How to Manage Your Senior Pet’s Health
Most pets are considered to be senior when they reach 7 years of age, and can live to be 10-13 years old for dogs, or 13-17 years old for cats. These estimates vary with every pet depending on a variety of factors, including breed. With advancing veterinary care and more advanced research into proper pet care, it is not uncommon for our companion animals to live beyond these estimated time spans. Because of this, it is important that pet parents know the best ways to manage their aging pets. Primary areas of concern for senior pets are health and disease management, nutrition, physical exercise, mental stimulation, and end of life decisions.
Health and Disease Management
The most important way to care for your senior pet is to bring them to the veterinarian regularly. This will ensure you catch any diseases, pains, or other health concerns early enough to treat or prevent suffering. When we live with an animal, we can sometimes oversee little changes that indicate something is wrong, so regular visits to the veterinarian can help you keep on top of these changes. We want our pets to be their best selves all the way until the end, and having a good relationship with your vet with help make that happen.
Senior pets have different nutritional needs than younger pets. Often, they require fewer calories due to a slower metabolism and overall decrease in activity. To prevent weight gain in older pets, it is advised to switch them to a senior diet. Many brands of pet food offer senior varieties that are lower in fat and higher in fiber. Being overweight can cause a number of health problems as they age and affect mobility, so be sure to keep your pet at a healthy weight throughout their whole life. It is much harder to get weight off of a senior pet than a young one with a lot of energy!
On the other end of the spectrum, some older pets lose their appetite and can become too thin. There are a number of ways you can encourage them to eat, such as buying food with smaller kibble so it is easier to chew and swallow, or adding broth, wet food, or other yummy items to their kibble to make it more appealing and softer to eat. You could also talk to your veterinarian about homemade diet recipes that your pet won’t be able to resist. Many veterinarians recommend feeding senior pets 3-4 smaller meals throughout the day, as big meals can be harder on their digestion systems.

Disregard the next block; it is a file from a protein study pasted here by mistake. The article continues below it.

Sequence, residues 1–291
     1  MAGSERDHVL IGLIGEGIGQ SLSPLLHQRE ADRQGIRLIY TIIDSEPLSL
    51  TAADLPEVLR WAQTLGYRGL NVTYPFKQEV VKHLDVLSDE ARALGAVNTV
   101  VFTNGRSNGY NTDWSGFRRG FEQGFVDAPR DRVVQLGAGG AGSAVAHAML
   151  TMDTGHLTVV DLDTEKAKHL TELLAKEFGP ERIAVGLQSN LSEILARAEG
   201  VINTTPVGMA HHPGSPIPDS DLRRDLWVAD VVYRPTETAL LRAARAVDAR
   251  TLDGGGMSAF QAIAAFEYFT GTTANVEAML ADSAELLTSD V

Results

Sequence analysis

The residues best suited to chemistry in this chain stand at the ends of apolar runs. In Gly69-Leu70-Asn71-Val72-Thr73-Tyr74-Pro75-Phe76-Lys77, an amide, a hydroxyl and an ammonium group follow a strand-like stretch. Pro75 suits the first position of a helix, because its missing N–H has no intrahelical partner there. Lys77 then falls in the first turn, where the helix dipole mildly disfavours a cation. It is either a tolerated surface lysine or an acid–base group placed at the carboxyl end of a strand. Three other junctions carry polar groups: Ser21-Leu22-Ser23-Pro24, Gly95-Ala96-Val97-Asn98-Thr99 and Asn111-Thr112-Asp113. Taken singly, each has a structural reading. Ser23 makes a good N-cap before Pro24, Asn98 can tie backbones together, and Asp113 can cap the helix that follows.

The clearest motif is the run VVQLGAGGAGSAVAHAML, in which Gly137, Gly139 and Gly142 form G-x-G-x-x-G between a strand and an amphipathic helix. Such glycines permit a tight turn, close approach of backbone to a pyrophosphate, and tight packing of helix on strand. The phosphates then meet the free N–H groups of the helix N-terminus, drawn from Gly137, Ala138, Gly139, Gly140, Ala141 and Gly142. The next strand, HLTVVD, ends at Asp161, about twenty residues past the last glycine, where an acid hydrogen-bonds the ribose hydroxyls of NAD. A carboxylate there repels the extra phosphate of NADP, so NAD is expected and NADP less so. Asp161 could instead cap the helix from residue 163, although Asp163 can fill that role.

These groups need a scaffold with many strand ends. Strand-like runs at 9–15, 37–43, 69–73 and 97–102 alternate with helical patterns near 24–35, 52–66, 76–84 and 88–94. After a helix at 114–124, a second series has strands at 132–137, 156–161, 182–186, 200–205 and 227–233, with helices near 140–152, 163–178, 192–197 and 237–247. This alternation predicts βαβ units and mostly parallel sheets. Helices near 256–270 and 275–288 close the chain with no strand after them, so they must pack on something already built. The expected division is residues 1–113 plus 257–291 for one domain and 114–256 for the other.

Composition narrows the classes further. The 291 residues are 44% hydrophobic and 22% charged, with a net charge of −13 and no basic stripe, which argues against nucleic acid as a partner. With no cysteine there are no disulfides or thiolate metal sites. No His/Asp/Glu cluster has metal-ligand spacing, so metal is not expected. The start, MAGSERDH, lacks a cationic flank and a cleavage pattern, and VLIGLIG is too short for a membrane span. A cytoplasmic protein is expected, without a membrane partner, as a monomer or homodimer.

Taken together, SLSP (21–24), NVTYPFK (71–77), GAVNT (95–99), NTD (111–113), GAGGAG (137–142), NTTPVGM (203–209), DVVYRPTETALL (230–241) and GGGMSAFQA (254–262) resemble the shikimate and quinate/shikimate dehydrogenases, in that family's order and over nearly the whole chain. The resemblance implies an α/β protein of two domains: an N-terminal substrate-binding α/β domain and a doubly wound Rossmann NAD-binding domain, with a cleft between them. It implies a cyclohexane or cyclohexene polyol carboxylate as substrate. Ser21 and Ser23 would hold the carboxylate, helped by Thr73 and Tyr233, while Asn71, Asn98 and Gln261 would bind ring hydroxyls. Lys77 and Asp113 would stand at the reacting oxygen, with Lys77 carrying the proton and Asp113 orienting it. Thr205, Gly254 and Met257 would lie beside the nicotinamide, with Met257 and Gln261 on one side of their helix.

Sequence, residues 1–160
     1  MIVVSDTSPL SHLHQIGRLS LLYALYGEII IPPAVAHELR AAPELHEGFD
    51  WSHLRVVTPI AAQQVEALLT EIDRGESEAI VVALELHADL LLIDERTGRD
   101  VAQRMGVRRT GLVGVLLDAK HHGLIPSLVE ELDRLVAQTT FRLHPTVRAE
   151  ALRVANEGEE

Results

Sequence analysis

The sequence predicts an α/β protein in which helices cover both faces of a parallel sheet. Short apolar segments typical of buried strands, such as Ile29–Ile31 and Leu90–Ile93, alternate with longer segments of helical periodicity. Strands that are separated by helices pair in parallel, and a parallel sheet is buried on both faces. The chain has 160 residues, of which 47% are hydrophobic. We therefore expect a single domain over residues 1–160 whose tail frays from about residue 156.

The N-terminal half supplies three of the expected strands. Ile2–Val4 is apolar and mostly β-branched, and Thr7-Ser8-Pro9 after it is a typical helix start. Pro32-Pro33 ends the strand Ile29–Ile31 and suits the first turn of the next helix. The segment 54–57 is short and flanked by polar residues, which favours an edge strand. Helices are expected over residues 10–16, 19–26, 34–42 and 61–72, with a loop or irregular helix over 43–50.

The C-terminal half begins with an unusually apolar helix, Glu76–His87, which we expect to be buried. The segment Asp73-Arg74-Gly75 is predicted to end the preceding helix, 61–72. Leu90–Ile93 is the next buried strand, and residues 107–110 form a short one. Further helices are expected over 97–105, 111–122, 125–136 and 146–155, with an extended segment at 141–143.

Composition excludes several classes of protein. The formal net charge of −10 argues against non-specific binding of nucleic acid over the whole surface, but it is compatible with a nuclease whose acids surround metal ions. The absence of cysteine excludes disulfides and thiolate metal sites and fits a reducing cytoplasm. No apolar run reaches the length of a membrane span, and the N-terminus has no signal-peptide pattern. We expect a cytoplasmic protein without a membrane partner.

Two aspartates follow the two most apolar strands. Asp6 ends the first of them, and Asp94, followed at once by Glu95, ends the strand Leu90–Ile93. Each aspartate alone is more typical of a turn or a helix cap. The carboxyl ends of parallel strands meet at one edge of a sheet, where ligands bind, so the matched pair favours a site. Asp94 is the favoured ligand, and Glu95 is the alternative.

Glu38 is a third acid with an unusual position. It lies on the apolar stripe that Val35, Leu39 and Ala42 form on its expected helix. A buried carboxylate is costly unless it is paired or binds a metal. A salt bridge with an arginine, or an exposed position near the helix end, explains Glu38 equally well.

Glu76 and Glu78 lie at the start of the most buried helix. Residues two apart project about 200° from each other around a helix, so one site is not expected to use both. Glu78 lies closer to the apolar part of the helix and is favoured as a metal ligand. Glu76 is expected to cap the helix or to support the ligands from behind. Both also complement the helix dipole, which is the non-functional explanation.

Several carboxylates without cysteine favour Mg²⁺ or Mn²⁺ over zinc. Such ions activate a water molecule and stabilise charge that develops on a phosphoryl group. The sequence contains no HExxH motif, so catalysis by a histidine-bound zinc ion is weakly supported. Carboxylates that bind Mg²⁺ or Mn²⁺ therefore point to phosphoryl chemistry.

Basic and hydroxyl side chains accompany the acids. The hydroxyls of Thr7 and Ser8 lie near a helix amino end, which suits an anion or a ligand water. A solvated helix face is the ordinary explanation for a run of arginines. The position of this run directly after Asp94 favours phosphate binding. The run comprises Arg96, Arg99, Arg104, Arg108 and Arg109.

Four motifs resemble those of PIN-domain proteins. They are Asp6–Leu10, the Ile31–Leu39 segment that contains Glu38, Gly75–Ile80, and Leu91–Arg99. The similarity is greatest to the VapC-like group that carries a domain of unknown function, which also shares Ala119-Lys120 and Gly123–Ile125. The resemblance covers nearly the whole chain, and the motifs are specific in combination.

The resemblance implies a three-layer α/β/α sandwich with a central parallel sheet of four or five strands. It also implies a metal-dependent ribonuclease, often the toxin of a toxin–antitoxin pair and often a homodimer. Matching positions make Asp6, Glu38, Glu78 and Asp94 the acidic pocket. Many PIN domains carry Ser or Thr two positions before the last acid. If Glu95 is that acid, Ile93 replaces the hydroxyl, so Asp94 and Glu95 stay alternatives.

One factor that can determine the health and longevity of a pet is how much daily exercise they get. Exercise helps keep muscles, joints, and bones active and healthy, but also helps prevent other health issues, such as heart disease, and improves mental health. You should provide daily exercise for your pet at any age, but it is especially important with senior pets to keep them moving. Your senior pet may not be able to exercise the way they used to but it is important to keep them doing the things they love at a pace they can handle. For your daily walks, your dog may not be able to go as far or as fast as they could. They may even be a little reluctant to get up and out, but it is important to take the time and patience needed to get them their daily exercise. Be prepared to let them sniff more or take breaks as needed, and adjust your route as needed. Swimming is a great form of exercise for senior dogs (and maybe some brave cats…).
Senior pets usually are less playful than their younger selves, but they can definitely have their bursts of energy and you should take advantage of that whenever they offer it to you! The play may not be as vigorous as it once was, and that is ok. If you throw a ball with your dog, or play with the laser pointer with your cat, be mindful that they have aches and pains and keep the play milder to prevent injuries. Senior dogs will definitely rest more, especially after a busy day or a particularly fun bought of exercise. Use this time to give them extra snuggles and pets!
To read more information about mental health and end of life decisions for our senior pets, visit our blog articles!